Automation? Developing world? This is supposed to be a photography blog, not The Economist! I know. I know. Have patience, dear reader, and it will come together soon. And I promise there will be photos. Let me explain: I have a fascination with photographing Pakistan’s working class. I was born and raised there and have a tremendous amount of respect for the resilience, work ethic and ingenuity of the common people. Whenever I visit, I try to capture elements of that spirit through photography. Some readers may have seen some of my earlier work from there on this site. Here’s the twist: my day job is in tech – one could call my work Silicon Valley-ish – and the big buzzword these days is ‘automation’. The robots are coming and soon we all be out of work. Well, that last bit may just be hyperbole but in reality, no one really seems to know how it will play out. And developing countries may be hardest hit. That’s exactly what was on my mind on my photo walks during a recent trip back home. Keep in mind that in Pakistan, much like the rest of the developing world, manual work is the engine that powers the economy.
To refer to this kind of work as a ‘job’ trivializes it. Often these are vocations, skills, carefully honed crafts that are passed from generation to generation. It is a source of purpose, meaning and most importantly a way to make an honest living and provide for a family.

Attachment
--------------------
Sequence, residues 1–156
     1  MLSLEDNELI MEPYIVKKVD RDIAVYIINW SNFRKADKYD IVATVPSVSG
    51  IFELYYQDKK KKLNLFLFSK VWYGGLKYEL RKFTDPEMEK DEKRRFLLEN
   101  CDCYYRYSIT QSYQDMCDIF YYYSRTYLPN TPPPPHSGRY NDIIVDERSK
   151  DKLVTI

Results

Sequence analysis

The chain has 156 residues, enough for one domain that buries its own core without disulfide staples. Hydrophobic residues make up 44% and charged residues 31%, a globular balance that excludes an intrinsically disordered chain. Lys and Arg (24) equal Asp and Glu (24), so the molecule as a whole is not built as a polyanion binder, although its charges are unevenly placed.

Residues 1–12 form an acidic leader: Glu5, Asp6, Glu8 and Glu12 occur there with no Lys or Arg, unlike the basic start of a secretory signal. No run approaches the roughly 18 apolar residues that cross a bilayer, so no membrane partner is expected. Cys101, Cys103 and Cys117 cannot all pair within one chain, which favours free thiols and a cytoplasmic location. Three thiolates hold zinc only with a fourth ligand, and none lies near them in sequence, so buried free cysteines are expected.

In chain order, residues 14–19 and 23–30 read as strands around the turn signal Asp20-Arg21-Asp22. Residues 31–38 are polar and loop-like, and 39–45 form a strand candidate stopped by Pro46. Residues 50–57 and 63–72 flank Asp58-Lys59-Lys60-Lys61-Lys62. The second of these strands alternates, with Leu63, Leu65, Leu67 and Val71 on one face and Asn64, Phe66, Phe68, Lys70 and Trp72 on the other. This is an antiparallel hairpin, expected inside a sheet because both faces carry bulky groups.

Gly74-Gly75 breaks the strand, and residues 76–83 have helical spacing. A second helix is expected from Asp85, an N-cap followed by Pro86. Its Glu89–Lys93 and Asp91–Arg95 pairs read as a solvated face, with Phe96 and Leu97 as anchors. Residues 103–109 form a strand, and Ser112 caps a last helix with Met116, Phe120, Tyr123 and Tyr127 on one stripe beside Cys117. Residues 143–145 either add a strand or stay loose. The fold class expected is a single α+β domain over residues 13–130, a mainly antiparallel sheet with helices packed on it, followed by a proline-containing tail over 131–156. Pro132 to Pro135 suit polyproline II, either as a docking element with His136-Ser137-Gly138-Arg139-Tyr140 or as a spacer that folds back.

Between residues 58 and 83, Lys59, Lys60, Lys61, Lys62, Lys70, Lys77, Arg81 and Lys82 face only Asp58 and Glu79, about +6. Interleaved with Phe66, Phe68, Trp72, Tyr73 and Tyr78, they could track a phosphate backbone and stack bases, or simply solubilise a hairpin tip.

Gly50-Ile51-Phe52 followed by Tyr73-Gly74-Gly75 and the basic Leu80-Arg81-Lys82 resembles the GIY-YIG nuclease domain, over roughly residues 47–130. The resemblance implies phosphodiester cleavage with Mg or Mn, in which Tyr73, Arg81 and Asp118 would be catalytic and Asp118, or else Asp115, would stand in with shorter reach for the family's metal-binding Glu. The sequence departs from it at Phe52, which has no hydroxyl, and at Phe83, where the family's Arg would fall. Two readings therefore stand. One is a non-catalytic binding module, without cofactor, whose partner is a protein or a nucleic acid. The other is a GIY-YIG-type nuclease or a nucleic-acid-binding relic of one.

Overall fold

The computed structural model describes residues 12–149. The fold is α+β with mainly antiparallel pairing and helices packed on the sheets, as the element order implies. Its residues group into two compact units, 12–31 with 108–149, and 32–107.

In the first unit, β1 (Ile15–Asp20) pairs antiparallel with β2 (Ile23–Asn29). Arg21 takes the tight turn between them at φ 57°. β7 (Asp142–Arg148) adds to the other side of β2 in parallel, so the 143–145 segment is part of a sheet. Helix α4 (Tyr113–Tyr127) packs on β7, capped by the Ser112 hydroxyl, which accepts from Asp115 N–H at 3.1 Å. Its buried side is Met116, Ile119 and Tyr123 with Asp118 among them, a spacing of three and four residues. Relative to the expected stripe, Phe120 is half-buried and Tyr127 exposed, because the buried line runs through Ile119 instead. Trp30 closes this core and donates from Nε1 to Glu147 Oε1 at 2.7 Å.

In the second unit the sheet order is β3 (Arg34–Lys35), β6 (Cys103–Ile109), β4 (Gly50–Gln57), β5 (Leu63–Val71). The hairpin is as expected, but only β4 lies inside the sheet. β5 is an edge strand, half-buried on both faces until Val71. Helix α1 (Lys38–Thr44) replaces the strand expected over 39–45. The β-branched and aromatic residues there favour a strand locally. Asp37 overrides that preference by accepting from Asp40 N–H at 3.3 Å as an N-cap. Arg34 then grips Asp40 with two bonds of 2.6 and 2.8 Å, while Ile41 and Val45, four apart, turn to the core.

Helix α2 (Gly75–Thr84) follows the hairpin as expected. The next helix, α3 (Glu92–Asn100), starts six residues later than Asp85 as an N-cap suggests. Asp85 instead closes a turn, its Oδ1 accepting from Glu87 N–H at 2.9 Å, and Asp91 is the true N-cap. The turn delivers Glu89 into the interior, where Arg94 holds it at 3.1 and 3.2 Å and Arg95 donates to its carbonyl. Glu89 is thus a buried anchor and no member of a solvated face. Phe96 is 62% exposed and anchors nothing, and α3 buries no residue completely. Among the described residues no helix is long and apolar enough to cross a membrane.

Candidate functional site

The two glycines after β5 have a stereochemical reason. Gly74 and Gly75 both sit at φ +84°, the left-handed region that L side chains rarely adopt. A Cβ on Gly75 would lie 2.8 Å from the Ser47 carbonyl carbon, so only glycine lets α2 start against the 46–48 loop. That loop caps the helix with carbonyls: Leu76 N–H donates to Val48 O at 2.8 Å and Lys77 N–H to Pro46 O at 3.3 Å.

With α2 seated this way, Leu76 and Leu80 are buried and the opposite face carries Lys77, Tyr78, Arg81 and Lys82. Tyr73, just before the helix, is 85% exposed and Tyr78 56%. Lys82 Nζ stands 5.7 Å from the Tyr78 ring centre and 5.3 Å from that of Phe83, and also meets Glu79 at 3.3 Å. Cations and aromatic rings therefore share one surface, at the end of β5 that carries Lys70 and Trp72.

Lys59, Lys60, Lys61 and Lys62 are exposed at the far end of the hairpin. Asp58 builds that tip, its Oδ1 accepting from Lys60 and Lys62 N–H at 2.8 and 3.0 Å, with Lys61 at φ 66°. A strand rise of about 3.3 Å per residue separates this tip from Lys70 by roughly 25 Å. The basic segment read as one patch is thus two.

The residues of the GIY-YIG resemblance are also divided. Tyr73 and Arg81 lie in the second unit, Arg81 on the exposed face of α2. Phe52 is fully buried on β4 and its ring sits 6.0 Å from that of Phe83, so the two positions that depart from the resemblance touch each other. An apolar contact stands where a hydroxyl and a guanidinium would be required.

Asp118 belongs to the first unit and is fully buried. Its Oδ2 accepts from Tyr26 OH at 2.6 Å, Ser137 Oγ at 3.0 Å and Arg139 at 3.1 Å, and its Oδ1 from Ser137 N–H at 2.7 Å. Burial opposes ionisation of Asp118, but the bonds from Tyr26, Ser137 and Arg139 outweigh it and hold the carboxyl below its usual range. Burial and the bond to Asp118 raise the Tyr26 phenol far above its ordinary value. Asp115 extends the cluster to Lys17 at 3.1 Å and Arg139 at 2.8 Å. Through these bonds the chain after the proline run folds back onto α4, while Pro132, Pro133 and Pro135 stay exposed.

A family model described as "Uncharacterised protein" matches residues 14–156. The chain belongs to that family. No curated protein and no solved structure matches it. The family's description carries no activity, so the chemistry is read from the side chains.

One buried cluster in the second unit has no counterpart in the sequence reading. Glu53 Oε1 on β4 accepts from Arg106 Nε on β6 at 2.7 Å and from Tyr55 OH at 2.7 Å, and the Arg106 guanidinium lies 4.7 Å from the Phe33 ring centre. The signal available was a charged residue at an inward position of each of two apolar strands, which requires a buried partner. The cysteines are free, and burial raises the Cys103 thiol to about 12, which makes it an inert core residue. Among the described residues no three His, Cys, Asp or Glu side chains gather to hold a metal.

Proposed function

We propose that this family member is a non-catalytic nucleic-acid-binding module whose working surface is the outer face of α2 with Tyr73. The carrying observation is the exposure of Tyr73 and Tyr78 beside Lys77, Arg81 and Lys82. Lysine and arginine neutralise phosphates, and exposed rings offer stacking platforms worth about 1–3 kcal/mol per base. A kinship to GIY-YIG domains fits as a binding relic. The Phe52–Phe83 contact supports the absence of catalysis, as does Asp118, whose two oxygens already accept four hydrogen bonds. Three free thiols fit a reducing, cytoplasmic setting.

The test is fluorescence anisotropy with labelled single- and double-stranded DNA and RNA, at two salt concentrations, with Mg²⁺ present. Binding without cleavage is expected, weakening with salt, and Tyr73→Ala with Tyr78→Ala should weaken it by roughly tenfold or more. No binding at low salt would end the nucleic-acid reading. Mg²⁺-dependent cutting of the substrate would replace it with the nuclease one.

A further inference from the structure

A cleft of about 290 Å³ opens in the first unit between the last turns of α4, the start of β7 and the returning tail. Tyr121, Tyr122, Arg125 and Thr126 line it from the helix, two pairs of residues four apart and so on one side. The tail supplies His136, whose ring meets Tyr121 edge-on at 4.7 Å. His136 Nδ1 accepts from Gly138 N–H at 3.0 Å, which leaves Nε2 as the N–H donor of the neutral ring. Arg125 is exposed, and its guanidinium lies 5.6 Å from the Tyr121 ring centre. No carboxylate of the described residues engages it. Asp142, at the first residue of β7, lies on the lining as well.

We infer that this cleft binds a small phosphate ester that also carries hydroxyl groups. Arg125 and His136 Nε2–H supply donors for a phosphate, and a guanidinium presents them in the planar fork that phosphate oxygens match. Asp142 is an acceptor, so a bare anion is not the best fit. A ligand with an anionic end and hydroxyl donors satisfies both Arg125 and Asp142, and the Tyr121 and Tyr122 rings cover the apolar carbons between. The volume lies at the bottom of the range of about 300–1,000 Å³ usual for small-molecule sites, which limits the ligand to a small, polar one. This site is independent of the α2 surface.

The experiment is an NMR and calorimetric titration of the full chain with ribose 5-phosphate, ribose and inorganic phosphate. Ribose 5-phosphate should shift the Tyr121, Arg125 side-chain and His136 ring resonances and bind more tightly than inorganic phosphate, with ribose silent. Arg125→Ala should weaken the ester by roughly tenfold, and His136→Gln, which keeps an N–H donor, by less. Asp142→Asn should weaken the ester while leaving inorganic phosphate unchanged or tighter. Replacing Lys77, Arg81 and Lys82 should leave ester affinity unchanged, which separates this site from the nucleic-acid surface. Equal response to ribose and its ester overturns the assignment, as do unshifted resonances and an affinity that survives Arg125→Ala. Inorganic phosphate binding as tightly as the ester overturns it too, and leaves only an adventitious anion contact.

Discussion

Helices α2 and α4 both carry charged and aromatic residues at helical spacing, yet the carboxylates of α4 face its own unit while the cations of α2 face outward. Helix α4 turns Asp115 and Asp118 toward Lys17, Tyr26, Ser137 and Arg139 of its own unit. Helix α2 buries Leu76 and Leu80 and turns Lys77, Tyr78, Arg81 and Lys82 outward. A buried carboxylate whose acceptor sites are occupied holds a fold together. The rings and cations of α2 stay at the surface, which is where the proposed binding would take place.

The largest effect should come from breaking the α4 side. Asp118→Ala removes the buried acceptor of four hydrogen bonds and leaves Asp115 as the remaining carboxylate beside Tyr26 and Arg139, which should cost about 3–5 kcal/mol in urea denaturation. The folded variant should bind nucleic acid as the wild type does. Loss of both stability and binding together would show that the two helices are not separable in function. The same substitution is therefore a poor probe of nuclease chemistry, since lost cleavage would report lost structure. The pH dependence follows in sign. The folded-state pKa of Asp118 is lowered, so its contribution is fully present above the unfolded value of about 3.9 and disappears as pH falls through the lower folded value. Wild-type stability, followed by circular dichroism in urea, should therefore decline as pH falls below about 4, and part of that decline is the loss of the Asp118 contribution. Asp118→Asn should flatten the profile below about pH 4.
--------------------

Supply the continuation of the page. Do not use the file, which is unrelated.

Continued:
It is important here not to underplay the physical toll of manual labor. Often this is back-breaking work that brings with it long-term health consequences. It is easy to extol the virtues of it from a word processor on a computer.
That said, it is possible to learn from recent experience with technology and chart a different path. Perhaps, a more prudent approach is possible that focuses on automating grunt work mainly, while preserving other, more creative forms of manual work. The rising demand for ‘hand-crafted’ goods in the developed world suggests that such an approach may be viable.The key of course would be to foster a culture that ascribes greater value to this kind of work and compensates accordingly and fairly.
Amazon is already testing stores where the entire shopping experience can be completed without a single human interaction! Is the world ready for that?
And yet, there are some jobs that machines just can’t do.
Let’s not forget that there is a philosophical element to this discussion. Work that is done by hand has an intangible value, for the consumer as well as the producer. The former acquires something distinct, incorporating unique characteristics derived from the specific context and workmanship of the producer. The latter on the other hand, experiences the satisfaction of creating something of value, something unique, offering a small piece of themselves to this world. Finally, there is an invisible human element at play in such an exchange – a social experience that cannot be quantified.
How any of this plays out remains to be seen. At this point in time, where the AI on our smartphones still struggles with auto-correct, it is safe to say that our robot overlords are not descending upon us any time soon. So, while we humans are still in charge, let us at a minimum, develop an appreciation for the world we have now, where the human element is still alive. Perhaps this will have the effect of making us more introspective, thereby forcing us to take a more considered approach towards our collective future.